and milling of field crops--principally corn, cotton, rice, sugarcane, and wheat 2. Products that result from the harvesting, preserving, and processing of fruits, herbs, nuts and
other seeds, and vegetables 3. Nonplant articles that could become contaminated with exotic plant pests, parasites, and/or animal secretions 4. Decorative articles and
handicrafts constructed using plants and plant parts 5. Herbarium specimens."
|Seeds Not for Planting [open pdf - 2MB] (132 Pages )
"The Seed Not for Planting Manual provides the background, procedures and reference tables for regulating whole seeds (grain and nuts) when they are imported for
purposes other than planting or growing, and for protecting plants that are threatened with extinction due to trade in those plants or their derivatives. The seeds from the
countries of origin listed in this manual are regulated because just one destructive pest might be enough to start a outbreak that can cause millions of dollars of damage to
crops, trees, flowers, or lawns. By their destructiveness, pests can increase the price and reduce the quality of food, lower property values, and ruin recreational areas. The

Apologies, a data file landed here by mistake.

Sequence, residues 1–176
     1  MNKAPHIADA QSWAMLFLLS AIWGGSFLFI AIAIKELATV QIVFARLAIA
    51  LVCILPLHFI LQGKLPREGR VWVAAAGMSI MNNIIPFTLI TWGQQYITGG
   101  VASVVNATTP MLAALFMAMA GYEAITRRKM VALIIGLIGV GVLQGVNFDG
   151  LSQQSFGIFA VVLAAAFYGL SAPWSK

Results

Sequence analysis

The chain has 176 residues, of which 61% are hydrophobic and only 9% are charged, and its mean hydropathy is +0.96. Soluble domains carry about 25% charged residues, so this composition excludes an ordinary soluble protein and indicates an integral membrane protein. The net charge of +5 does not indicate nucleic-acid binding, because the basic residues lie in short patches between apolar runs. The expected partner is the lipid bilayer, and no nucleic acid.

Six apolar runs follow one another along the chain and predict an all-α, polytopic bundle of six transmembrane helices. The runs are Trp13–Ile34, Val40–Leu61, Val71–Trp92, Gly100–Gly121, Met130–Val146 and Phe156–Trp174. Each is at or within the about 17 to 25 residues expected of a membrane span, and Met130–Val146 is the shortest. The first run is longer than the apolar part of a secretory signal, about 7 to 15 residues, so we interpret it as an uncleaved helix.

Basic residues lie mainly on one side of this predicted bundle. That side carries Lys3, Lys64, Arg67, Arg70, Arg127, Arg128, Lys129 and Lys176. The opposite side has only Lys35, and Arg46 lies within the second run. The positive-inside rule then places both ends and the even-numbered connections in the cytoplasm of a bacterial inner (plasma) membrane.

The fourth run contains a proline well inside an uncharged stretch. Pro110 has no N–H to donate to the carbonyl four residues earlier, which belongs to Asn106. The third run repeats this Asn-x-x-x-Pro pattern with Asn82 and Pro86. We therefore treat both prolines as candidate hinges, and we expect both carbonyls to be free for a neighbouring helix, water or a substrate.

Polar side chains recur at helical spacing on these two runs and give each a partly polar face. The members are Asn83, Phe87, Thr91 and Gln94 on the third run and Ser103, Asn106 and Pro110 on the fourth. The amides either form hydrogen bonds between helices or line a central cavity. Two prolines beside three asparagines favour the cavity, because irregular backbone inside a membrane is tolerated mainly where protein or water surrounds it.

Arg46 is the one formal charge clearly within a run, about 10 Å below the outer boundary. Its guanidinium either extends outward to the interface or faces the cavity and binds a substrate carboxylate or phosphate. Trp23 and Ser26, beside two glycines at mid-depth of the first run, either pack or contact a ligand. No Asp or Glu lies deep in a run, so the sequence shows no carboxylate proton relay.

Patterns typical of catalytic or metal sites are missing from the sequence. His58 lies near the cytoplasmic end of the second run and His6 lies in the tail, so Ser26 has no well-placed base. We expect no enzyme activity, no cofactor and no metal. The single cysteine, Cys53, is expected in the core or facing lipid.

extinction of just one plant species does away with the aesthetic, ecological, educational, historical, recreational, commercial, and scientific value of our world."
|Fresh Fruits and Vegetables Import Manual [open pdf - 4MB] (624 Pages)
"The Fruits and Vegetables Import Manual provides the background, procedures, and reference tables for regulating imported articles of fresh, usable parts of plants such as
fruits, stems, leaves, roots, and flowers (herbs and vegetables). These imported articles are not intended for planting or growing, but they might serve to introduce exotic
pests. The articles from the countries of origin listed in this manual are regulated because just one destructive pest might be enough to start a pest outbreak that can cause
millions of dollars of damage to crops, trees, flowers, or lawns. By their destructiveness, pests can increase the price and reduce the quality of food, lower property values,